The deal was sealed on a Friday morning call, AllThingsD reports, as part of the settlement to the companies’ patent dispute.
Yahoo posted the announcement on its website saying, “Yahoo! (NASDAQ:YHOO) and Facebook (NASDAQ:FB) today announced that they have entered into definitive agreements that launch a new advertising partnership, extend and expand distribution arrangements, and settle all pending patent claims between the companies.”
The announcement goes on to say the companies will work together to secure ads that will run on both sites, and further integrate sharing between the two sites: “Yahoo! and Facebook will also work together to bring Yahoo!’s large media event coverage to Facebook users by collaborating on social integrations on the Yahoo! site.”
The statement includes quotes from Yahoo’s interim CEO Ross Levinsohn (who may now be the CEO), and Facebook’s COO Sheryl Sandberg. Plus this fact: “Yahoo! has the largest active user base among all news sites that have integrated with Facebook’s Open Graph platform.”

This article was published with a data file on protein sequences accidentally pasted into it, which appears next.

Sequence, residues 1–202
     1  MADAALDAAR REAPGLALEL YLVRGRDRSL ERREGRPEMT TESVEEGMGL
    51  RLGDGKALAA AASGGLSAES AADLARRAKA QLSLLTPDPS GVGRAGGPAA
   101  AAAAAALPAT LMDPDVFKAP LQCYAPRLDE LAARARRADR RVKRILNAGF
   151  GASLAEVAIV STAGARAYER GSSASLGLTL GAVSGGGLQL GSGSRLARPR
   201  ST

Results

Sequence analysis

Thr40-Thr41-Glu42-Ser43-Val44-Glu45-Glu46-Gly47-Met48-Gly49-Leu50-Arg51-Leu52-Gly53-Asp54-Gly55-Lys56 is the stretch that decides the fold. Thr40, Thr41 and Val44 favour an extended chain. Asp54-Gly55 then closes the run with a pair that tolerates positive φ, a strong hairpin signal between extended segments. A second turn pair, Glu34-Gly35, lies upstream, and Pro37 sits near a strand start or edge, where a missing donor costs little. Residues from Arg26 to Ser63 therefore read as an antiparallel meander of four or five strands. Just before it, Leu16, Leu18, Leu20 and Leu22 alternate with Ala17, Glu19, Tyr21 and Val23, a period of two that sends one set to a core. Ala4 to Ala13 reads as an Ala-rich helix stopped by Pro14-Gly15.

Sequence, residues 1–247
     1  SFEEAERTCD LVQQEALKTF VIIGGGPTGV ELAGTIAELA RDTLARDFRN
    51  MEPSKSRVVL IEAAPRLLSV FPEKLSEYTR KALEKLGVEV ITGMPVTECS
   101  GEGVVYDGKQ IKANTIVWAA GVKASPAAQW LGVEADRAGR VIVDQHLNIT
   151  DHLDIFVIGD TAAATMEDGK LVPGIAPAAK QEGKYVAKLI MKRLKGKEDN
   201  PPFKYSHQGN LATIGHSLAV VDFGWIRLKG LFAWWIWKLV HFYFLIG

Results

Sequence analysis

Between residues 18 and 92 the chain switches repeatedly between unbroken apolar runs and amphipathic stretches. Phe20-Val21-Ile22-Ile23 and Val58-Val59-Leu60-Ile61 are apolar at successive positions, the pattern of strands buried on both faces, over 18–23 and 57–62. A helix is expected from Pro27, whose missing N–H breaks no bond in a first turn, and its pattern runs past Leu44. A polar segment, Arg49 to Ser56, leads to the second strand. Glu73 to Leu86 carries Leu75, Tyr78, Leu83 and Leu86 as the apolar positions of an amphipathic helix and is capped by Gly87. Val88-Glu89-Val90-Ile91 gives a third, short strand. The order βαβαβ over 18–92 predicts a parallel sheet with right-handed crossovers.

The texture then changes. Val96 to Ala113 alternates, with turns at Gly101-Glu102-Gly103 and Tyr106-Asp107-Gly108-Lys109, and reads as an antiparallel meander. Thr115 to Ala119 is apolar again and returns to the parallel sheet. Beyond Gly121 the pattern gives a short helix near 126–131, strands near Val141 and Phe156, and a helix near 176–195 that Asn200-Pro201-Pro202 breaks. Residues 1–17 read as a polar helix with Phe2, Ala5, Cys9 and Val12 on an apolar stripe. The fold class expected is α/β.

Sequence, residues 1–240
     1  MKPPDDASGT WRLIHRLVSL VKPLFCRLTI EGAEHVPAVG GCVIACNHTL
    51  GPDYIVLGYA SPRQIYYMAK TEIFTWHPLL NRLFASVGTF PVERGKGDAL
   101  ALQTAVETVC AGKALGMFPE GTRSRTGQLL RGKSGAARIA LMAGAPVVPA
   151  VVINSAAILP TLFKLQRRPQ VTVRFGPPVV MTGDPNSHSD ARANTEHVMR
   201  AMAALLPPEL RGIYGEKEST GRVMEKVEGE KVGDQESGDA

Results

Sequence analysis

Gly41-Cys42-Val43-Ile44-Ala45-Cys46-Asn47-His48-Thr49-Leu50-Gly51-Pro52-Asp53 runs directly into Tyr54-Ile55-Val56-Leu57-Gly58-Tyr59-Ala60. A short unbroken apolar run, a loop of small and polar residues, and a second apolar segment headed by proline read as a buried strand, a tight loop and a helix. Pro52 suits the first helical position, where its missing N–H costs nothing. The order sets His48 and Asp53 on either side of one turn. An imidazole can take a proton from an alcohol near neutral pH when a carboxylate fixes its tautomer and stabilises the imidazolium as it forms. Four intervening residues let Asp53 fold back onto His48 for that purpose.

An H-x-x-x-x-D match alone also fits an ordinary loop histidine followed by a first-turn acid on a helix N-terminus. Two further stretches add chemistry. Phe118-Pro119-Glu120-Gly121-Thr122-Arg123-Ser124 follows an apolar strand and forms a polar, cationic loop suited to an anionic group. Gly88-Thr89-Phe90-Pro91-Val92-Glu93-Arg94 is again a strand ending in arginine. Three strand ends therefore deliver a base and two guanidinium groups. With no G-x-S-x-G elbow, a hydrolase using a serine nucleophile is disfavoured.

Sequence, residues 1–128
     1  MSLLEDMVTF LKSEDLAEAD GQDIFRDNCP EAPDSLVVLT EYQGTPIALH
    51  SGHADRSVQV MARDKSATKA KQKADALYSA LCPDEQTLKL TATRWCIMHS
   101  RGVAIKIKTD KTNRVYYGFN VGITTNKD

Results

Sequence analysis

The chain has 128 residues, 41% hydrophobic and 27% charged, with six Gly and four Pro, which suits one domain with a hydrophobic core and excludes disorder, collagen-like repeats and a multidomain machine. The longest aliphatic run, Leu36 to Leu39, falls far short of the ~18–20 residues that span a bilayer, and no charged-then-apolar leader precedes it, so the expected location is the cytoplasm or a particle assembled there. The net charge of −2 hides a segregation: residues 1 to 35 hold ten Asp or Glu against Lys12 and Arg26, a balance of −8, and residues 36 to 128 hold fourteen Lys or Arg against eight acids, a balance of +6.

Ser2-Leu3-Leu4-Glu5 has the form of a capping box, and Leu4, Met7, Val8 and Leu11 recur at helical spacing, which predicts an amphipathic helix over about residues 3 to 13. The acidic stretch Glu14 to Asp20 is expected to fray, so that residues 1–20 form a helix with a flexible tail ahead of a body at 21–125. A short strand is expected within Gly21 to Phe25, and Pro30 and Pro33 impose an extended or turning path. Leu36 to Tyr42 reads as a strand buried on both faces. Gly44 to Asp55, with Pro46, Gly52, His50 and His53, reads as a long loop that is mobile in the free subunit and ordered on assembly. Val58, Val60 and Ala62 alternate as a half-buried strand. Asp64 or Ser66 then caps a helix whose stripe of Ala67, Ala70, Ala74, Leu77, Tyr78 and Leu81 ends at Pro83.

No money will change hands, reportedly, but the companies will partner up on ad sales as well as cross-licensing of patents.
Yahoo CEO Scott Thompson, who initiated the patent lawsuit in March, stepped down in disgrace over his resume in May. Discussions on resolving the lawsuit started shortly after.
Since 2008, the company has cycled through four CEOs. Some speculate that the open position might be more appealing now that the patent fight has ended.
Both companies are eager to up their advertising dollars. Facebook’s April update to its IPO filing showed a drop in ad revenue. And GM caused a stir this year when it pulled ads from Facebook saying they were “ineffective.”
Yahoo has had major troubles of it own staying relevant in the age of social media, especially now it has outsourced its search function to Bing. And the opportunity for a bigger slice of the ad pie is there: the first three months of 2012 showed online ad revenue industry-wide was the highest ever.